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Nature inspired floors

We talked a lot about smart environments during Material Xperience. Biomimicry is one of the best examples of smartness in design. After all, nature has been working on upgrades, optimisation and problem solving for 3,5 billion years.

One designer who has embraced biomimicry in practice is David Oakey, a profilic carpet designer. In 1996 Interface, one of his many clients, changed course to apply sustainable principles to their products and production process.

This changed David’s life for good. He read Janine Benyus’ book on Biomimicry and was captivated by the solution-oriented and practical approach to achieving sustainability.

In his lecture at Material Xperience, David showed examples from nature that inspired designers, such as the aerodynamics of the pointed beak of the kingfisher for high-speed trains, a drift of leaves as inspiration for a carpet design, and in particular the importance of experiencing nature.

It has been scientifically proven that viewing and experiencing green plants is a boon to our health, just as exposure to natural light is. We are happier and more relaxed and we generally feel more comfortable. This seems like a plea for using more natural and bio-based materials. Interface, however, focused mainly on recycling waste plastics, which to us is potentially a huge source of new raw materials.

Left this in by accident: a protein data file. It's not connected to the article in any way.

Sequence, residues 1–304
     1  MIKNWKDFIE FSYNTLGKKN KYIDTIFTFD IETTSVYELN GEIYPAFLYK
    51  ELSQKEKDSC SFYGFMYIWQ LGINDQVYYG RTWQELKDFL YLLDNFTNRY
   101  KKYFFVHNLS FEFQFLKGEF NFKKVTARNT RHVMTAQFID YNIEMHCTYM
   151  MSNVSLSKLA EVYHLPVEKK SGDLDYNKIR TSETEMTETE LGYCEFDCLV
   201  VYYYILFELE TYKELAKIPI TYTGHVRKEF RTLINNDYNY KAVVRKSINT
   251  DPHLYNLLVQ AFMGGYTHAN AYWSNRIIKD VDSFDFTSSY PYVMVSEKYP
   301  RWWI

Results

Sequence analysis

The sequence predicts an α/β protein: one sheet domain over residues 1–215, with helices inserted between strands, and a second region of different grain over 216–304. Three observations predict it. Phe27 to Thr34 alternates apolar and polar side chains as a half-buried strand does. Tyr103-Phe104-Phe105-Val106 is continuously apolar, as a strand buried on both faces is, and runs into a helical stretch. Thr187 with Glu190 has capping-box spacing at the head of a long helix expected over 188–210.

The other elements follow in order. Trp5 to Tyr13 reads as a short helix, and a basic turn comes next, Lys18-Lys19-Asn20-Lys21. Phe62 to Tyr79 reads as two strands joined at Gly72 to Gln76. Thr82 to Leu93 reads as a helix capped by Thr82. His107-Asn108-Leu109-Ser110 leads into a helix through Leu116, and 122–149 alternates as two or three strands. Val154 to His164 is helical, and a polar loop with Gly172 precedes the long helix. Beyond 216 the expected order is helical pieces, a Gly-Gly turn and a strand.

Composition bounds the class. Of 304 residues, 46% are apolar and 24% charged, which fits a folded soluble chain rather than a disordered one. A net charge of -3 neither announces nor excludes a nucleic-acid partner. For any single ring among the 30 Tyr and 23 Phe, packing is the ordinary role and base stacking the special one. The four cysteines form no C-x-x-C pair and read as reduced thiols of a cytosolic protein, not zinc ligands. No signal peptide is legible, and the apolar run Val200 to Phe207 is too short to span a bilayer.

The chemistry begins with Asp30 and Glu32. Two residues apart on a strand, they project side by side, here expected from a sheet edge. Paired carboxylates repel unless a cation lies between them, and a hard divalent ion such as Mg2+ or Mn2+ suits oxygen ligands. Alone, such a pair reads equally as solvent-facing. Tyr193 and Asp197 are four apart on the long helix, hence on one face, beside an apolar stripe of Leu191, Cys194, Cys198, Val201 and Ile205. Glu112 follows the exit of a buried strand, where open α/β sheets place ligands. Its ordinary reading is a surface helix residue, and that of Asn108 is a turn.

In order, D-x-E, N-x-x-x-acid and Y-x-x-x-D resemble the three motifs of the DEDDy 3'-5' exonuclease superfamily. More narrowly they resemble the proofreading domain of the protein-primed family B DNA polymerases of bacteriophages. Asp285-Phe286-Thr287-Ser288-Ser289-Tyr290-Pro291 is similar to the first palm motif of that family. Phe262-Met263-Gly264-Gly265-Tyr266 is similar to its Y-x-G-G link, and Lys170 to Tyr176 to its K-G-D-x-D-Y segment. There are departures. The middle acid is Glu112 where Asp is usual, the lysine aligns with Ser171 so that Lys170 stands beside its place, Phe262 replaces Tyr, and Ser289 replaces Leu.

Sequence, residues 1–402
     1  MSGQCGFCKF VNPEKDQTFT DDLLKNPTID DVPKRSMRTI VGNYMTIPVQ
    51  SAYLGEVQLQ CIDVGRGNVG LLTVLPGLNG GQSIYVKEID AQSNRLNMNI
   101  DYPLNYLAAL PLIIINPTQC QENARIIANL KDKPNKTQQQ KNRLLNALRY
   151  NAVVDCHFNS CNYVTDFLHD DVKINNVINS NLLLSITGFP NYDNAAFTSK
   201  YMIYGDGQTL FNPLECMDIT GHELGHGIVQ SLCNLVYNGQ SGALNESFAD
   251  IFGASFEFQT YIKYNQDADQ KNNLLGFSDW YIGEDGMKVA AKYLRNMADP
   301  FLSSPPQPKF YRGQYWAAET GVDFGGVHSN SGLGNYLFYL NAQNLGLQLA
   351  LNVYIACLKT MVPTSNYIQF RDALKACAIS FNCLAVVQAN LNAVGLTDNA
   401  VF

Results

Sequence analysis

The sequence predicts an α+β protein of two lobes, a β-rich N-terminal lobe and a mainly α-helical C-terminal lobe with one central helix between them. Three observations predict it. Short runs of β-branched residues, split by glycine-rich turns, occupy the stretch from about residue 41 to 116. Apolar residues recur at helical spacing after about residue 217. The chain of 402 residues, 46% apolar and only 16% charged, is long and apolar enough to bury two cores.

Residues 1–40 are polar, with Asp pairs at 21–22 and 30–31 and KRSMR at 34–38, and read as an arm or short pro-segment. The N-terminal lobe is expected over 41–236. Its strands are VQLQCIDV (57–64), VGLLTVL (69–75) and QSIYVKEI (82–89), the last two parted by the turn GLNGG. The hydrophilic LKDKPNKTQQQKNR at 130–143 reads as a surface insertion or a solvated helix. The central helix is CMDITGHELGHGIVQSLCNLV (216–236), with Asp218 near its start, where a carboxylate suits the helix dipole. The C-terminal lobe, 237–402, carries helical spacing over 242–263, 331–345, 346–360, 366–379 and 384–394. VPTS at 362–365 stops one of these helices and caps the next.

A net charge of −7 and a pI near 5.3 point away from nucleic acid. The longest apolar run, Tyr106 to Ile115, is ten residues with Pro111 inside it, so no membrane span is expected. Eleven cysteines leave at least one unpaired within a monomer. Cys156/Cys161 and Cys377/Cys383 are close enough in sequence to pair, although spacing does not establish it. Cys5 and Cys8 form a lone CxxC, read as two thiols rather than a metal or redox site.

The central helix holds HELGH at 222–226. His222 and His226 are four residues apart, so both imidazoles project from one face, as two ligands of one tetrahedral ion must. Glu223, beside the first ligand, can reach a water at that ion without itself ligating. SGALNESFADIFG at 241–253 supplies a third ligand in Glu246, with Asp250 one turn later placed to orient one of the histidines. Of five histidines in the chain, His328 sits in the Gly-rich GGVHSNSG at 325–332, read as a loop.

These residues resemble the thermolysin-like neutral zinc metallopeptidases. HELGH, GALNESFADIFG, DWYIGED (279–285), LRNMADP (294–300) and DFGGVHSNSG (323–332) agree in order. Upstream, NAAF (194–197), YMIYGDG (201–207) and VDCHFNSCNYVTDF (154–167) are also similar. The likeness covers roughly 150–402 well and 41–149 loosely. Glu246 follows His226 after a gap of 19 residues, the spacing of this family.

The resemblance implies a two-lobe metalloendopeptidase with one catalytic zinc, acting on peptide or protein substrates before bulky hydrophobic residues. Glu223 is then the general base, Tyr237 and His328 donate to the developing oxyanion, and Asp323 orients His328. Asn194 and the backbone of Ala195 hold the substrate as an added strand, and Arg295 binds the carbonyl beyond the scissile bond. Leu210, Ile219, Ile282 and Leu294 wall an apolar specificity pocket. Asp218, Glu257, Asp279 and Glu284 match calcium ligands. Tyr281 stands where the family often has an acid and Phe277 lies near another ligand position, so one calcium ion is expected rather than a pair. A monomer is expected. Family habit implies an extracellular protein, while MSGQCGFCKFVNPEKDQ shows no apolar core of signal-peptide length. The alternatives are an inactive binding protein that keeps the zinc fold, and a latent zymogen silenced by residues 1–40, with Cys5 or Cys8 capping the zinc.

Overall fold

Another book, ‘The World Is Blue: How Our Fate and the Ocean’s Are One’  by Sylvia Earle, made David aware of a huge sustainability issue: taking care of the ocean as well as the land. As we all now know, our oceans have transformed into dumps into which people throw away whatever they like, thinking they’ll never see it again.

Unfortunately, the plastic soup floating in the ocean is a given, but the search for new sources of material waste may also consist of the nets of fishermen in the Philippines, which have proven an excellent source of raw material for carpets. So Interface recycles the materials, a new local industry is introduced that cleans up old fishing nets, and the local population has a new source of income, receiving a fair wage.

This creative example may serve for all designers and manufacturers incentive to look to new sources of material waste streams that may exist. Embrace The New Garbage!

Photos of the leaves in the forest: Photo by Rennett Stowe, Courtesy of The Biomimicry Institute
Photo of coral: Photo courtesy of The Biomimicry Institute